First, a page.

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News-Press, Monday October 18, 1973

Series: (Series N2009- 3, Koreshan Unity; Papers, ca. 1887-1990.)

Page 1 of 1

Koreshan Unity

<em>News-Press</em>, Monday October 18, 1973

Transcript

Fort Myers News Press Article 18 Oct 1971
Praised for Foresight in Education
Koreshan Unity Founder’s Birthday Noted
By PRUDY TAYLOR

More than 75 people attended the luncheon and panel discussion held Sunday at the Koreshan Unity art hall in Estero to commemorate the birthday of Dr. Cyrus R. Teed, founder of Koreshan Unity. Dr. William P. Danenburg, assistant dean of the University of South Florida in Tampa, conducted the discussion with followed luncheon in the gardens. The discussion focused on the educational influences of the Koreshan Unity and its school, the now defunct Pioneer University.

Members of the panel were Mrs. Hedwig Michel, president of Koreshan Unity and editor of its newspaper, “The American Eagle;” Dr. Danenburg; Bill Hammond, Lee County science and environmental education coordinator; Martin Gundersen of Fort Myers, past president of the Southwest Florida Chapter of the American Institute of Architects; Howard D. Fine, a student from Elmhurst University in Elmhurst, Ill., who has been studying the Koreshan Unity and Elliott J. Mackle Jr., a student from the University of Miami who has recently published his master’s thesis dealing with the early years of the Koreshan Unity.

Mrs. Michel, introduced by Dr. Danenburg as the “First Lady of Estero;” led the panel by outlining the 102 year history of the Koreshan Unity and its founder.

Dr. Teed, she said, was a strong defender of women’s lib and believed in equal rights for men and women. He used women as department heads and leaders in the Koreshan movement. She cited as an example, Annie G. Ordway, the first president of the Pioneer University.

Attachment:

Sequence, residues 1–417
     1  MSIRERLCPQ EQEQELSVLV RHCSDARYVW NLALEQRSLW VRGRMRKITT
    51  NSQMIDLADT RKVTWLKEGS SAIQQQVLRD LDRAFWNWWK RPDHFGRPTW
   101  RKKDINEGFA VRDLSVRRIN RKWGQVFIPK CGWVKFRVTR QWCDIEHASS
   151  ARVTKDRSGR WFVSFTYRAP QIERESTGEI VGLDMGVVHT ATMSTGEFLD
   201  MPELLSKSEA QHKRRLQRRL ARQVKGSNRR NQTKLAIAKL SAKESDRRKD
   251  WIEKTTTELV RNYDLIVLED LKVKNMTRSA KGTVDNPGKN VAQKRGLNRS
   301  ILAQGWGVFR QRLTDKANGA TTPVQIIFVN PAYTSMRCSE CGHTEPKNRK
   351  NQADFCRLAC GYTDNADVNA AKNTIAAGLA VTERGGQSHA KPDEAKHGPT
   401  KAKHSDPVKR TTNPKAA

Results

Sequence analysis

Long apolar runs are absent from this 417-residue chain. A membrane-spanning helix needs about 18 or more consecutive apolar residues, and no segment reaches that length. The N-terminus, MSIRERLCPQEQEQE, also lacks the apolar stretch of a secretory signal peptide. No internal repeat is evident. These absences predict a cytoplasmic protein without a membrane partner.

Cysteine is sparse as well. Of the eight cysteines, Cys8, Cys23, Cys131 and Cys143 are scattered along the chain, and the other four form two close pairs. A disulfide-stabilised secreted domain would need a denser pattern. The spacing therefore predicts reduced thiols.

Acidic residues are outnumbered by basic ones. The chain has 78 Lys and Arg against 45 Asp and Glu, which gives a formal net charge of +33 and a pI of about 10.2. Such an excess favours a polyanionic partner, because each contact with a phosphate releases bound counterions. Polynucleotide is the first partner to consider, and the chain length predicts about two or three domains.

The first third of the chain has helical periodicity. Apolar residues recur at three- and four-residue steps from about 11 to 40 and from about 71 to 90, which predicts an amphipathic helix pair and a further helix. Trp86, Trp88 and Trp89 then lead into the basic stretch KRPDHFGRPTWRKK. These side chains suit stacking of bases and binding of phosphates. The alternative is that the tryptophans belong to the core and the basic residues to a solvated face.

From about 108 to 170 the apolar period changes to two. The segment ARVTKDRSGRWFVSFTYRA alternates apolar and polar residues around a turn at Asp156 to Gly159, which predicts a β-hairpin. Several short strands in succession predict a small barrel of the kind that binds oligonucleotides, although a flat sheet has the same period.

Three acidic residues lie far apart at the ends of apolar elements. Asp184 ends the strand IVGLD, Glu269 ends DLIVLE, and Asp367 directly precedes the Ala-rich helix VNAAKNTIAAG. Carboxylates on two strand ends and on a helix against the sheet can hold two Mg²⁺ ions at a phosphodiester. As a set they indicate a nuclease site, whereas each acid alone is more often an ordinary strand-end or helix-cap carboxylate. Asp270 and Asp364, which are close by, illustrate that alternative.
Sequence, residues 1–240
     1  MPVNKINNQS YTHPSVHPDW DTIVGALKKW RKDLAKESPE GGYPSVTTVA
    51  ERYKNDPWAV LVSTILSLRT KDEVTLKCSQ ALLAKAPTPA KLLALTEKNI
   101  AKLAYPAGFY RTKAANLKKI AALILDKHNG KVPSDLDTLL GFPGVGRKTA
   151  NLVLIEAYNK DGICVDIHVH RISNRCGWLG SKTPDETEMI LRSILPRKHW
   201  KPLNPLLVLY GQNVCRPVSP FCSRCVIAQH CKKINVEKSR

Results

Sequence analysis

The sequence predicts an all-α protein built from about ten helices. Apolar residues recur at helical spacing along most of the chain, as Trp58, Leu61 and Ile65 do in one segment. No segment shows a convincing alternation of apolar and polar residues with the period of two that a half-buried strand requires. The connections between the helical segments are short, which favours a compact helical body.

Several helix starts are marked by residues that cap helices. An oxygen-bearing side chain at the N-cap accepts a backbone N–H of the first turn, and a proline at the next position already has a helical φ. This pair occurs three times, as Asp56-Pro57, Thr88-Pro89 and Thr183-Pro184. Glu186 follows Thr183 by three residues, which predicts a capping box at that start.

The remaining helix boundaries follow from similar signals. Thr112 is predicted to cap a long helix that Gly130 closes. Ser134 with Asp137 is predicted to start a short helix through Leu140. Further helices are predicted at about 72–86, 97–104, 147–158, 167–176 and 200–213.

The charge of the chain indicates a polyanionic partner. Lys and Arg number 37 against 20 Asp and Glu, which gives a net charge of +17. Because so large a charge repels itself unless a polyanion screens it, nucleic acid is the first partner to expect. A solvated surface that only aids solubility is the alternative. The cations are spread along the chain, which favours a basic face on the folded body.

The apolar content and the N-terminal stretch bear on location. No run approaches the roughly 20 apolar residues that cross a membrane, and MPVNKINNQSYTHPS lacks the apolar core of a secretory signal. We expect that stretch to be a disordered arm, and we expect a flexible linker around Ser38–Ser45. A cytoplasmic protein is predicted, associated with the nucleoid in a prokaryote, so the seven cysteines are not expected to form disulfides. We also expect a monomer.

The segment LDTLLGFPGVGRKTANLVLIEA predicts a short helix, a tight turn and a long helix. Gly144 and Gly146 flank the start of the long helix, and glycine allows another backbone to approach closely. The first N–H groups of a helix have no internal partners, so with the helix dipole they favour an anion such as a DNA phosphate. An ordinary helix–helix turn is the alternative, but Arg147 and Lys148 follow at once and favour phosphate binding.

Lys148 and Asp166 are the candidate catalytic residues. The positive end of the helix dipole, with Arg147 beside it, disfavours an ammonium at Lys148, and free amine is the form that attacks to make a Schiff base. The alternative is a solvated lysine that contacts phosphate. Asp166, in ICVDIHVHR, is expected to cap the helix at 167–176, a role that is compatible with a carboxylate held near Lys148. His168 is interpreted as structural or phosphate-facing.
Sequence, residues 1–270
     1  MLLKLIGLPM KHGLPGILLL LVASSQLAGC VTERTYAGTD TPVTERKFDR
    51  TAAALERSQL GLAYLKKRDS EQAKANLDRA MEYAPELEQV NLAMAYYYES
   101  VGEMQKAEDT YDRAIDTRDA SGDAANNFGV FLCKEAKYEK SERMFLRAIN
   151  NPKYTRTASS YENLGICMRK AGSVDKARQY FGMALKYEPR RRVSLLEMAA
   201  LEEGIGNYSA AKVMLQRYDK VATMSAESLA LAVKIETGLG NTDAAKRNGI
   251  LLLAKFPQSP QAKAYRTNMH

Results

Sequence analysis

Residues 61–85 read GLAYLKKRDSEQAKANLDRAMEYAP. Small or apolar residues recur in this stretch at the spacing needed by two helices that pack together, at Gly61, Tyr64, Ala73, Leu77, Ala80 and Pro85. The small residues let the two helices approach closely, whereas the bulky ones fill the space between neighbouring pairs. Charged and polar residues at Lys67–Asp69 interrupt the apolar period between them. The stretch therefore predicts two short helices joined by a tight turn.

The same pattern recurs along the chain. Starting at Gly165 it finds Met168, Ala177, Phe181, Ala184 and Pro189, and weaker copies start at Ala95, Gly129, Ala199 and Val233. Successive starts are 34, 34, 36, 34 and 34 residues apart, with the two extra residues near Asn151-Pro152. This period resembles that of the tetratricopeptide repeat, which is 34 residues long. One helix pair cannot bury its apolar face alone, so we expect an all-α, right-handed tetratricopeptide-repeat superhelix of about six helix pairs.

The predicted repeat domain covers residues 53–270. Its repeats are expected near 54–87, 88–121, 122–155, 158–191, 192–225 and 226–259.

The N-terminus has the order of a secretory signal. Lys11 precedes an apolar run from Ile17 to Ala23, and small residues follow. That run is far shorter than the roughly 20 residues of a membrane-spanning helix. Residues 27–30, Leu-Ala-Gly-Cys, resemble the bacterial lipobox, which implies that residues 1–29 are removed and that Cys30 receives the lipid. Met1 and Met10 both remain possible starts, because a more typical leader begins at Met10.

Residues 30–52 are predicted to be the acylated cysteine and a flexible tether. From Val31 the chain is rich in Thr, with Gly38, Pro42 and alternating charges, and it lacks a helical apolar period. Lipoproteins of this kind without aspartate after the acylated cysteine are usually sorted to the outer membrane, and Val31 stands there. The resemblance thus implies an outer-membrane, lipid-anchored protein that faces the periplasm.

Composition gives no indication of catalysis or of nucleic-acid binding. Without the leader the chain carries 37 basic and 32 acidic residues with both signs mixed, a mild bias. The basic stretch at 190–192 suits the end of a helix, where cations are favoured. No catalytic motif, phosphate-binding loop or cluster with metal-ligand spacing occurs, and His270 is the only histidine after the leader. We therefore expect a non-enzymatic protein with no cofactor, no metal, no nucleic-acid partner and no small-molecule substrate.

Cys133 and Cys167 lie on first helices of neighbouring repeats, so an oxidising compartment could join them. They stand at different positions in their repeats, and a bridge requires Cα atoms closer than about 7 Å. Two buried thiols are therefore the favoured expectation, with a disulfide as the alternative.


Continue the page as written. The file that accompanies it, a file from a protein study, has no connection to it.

“We are the heirs to a legacy of great volumes,” she continued. “The seed we are sprouting here will branch out into many fields of learning. The book cases here offer a lifetime of learning. The plants in the garden have matured and shed seeds.

“The spirit of the pioneers is kept alive by Mother Nature. We are thankful to have students from all areas of study. In the 10 years of state ownership, the land has been improved and continued honor has been and will be given to the pioneers.”

In his remarks, Dr. Danenburg credited Mrs. Michel with helping make the University of South Florida accessible to area students, explaining her cooperation in working as a liaison during the establishment of a center in Fort Myers.

In commenting on Dr. Teed’s foresight in the field of education, he said, “We should pay tribute to the Pioneer University and its founder for the idea of adult education and the philosophy of a lifetime of learning.

“Educating women was a very unique thing in that time of history. And the idea of providing education for those beyond their teens was a very revolutionary concept. Today there are more adults in school than children.

“The seeds planted at the Pioneer University - even though it is long since gone - are still here and are very valuable and useful so we do owe a great debt to Dr. Teed and his followers for the seed they planted here in Estero.”

He also credited Dr. Teed for his interest in environmental education adding that today this is considered “one of the newest concepts in Florida and the country - the idea of conserving the natural assets we have which calls for educating adults and children.”

He then introduced Bill Hammond who spoke on the relationship between environmental education and the Koreshan Unity.

Praising Mrs. Michel for her persistence, Hammond said it was largely through her efforts that environmental education training programs had been initiated in Lee County.